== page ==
By Hazrat Hassan
In a different place in the world, China’s government continues to walk a very thin line. China’s GDP is largely created by funneling easy credit (total credit is now at 200% of GDP) into infrastructure projects (a record 49% of China’s GDP is in investment)… the cost of this money pumping and incessant investment is higher inflation. 
However, the reality of higher inflation won’t show up in China’s inflation data (which clocks in at an absurdly low 3%). However, you can see clear signs of this in China’s civil unrest: you don’t get wage and labor strikes for nothing. Workers protest for higher wages because they cannot afford increased costs of living. 
And the situation may be rather worse than this. Two weeks ago a pundit at the Chinese Academy of Social Sciences, one of the government’s top think tanks, said that by its own calculations the country’s consumer price index had been understated by more than 7% over the past five years. And last week the original ‘Dr Doom’, Marc Faber, said he reckons the ‘real’ Chinese inflation rate is nearer 10% a year. 
Whatever the exact figures, there’s no doubt inflation is rising far too fast for comfort for the authorities. The Chinese central bank has been trying to cool things down gently. Five times this year its raised bank holds prerequisites, which diminishes the sum that moneylenders can loan. Yet “the credit brakes are being tapped not slammed”, says the FT. “The government could be more aggressive.” In other words, so far the tightening hasn’t had much of an impact. 
The workforce is getting far strop pier than it once was. Between 2007 and 2008 – the latest available data – labor disputes more than doubled. Food prices are already rising at 10% year-on-year. The Xinhua news agency reported last week that a basket of 18 staple vegetables cost 62% more during the first ten days of November than in the same period last year. 
This article is talking about the inflation occurring in china and the costs that it has brought to china. This inflation has caused severe consequences to china and we will be discussing the possible solutions inflation is a rise in the general level of prices of goods and services in Ana economy over a period of time. When the general price level rises, each unit of currency buys fewer goods and services. Consequently, inflation also reflects erosion in then purchasing power of money – a loss of real value in the internal medium of exchange and unit of account in the economy. A chief measure of price inflation is the inflation rate, the annualized percentage change in a general price index over time. 
Costs of inflation in China
When inflation rates are high, groups such as pensioners, households, dependent on social security benefits, stand lose to a great deal since they are often on fixed incomes. These Chinese will now be able to purchase less than before (less purchasing power), and will start to demand for higher wages. Only those with strong bargaining positions will be able to bid up for higher wages. In addition, people will be able to buy less food items than before which is a major issue because food is one of the basic necessities in human life, as in the article it has shown the prices of food increase 10% year-to-year. 
Inflation causes an increase in interest rates and will therefore have a negative effect on investment and output, both of which will adversely affect employment, as in the article we can see that labor disputes have been doubled. Higher inflation means that the businesses in china will have to change their prices to keep up to date on the price level.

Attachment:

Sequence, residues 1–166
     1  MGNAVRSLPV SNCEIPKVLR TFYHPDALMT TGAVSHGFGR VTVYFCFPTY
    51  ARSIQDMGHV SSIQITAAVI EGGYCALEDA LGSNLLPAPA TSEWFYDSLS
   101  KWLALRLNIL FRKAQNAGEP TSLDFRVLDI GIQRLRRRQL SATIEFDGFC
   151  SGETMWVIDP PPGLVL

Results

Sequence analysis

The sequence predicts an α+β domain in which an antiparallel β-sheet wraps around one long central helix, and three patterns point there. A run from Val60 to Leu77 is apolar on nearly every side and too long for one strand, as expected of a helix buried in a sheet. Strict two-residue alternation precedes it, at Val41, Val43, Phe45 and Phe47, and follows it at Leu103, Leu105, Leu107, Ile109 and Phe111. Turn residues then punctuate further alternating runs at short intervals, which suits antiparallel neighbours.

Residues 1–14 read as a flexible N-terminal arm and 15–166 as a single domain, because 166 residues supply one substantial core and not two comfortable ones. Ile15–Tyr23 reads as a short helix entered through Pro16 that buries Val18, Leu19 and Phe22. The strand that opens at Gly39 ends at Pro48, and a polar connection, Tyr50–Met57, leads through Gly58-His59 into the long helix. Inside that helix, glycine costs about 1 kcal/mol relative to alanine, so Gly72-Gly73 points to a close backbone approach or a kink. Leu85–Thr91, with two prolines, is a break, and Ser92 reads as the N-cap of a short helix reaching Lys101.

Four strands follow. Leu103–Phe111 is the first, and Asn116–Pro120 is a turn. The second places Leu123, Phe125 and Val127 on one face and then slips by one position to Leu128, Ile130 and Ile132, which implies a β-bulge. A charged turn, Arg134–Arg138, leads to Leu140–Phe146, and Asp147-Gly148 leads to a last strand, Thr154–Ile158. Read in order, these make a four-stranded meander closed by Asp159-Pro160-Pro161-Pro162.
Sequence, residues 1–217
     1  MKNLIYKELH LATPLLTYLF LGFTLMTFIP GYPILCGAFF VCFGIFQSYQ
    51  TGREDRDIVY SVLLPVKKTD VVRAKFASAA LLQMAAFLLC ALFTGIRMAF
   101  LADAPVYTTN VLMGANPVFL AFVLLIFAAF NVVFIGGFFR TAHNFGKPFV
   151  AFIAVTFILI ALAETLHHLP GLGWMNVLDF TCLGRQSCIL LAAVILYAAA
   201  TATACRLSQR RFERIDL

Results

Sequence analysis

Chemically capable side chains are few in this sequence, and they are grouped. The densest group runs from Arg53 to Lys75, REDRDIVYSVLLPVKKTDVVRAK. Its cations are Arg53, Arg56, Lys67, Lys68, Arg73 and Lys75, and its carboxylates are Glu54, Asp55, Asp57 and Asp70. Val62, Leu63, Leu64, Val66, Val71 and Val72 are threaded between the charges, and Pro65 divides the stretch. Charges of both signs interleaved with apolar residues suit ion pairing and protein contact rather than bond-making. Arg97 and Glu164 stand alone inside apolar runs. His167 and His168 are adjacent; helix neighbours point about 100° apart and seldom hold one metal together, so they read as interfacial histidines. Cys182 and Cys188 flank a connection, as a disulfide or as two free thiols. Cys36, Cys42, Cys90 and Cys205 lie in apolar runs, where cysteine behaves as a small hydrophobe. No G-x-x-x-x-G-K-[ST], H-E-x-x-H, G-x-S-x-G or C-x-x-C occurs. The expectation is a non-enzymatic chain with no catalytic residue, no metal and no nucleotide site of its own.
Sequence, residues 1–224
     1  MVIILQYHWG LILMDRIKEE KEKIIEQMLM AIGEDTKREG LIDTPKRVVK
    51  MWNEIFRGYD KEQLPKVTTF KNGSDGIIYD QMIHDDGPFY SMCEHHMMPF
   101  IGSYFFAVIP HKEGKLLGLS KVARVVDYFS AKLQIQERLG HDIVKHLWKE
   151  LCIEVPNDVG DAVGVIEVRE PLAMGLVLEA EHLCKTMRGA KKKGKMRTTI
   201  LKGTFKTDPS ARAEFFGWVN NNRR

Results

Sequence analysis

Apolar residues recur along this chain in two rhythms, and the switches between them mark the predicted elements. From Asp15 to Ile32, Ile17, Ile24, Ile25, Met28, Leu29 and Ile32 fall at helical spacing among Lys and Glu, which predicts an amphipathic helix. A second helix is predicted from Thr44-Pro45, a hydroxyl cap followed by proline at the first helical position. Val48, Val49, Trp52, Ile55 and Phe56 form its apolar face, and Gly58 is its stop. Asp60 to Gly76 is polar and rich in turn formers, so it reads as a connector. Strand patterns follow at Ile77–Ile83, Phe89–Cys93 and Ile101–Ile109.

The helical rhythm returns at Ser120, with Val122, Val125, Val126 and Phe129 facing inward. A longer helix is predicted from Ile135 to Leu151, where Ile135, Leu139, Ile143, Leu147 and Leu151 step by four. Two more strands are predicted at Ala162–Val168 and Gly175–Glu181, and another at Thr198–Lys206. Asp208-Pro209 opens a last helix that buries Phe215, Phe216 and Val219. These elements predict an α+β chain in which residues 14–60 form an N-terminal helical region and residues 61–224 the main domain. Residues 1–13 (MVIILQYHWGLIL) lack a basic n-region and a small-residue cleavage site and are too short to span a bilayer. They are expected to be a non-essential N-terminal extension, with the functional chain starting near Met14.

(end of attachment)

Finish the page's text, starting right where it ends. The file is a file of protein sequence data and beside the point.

Inflation affects the foreign trade and the exchange rate. Experiencing high rates of inflation, china’s domestic products will be less competitive internationally. As the domestic products’ prices increase the demand for these products will fall and therefore the demand for china’s currency will also fall, thus affecting the exchange rate. 
The cause of inflation in China:
The cause of inflation in China’s economy was expansionary monetary policies and rising wages. The inflation in china was caused by “cost-push inflation. It means that the cost of firms increase, in this case it is higher wages, and the firms are forced to raise prices in order to cover the costs. 
If the economy demands higher wages, the higher costs of labor will shift the SRAS curve to the left from SRAS1 to SRAS2. The price level rises from P1 to P2. A higher wage increase consumption and therefore increases aggregate demand from AD0 to AD1. The increased spending (and possible expansionary policies) moves the economy towards equilibrium at Yfe but at a higher price level. We have now a round of cost-push inflation. 
In the article, it has shown that china’s government is trying its best to avoid this issue but it has been said that it hasn’t had much of an impact.
One of the possible ways of reducing inflation is by subsidizing businesses. The government can give out subsidies to business so that the businesses can reduce their costs of production. This will then encourage the businesses to lower their prices and thus avoiding inflation. The problem here is that the government will suffer a huge loss if there are many businesses to subsidize.
Another possible solution is by appreciating its currency. This is because if it appreciates its currency then firms will be able to buy cheaper raw materials and therefore will have lower costs of production. Thus reducing prices of goods. It can appreciate its currency by using its foreign currency reserves to buy its own currency and this will increase the demand for its currency. Even though this method will help businesses to reduce their prices, there are also negative consequences. 
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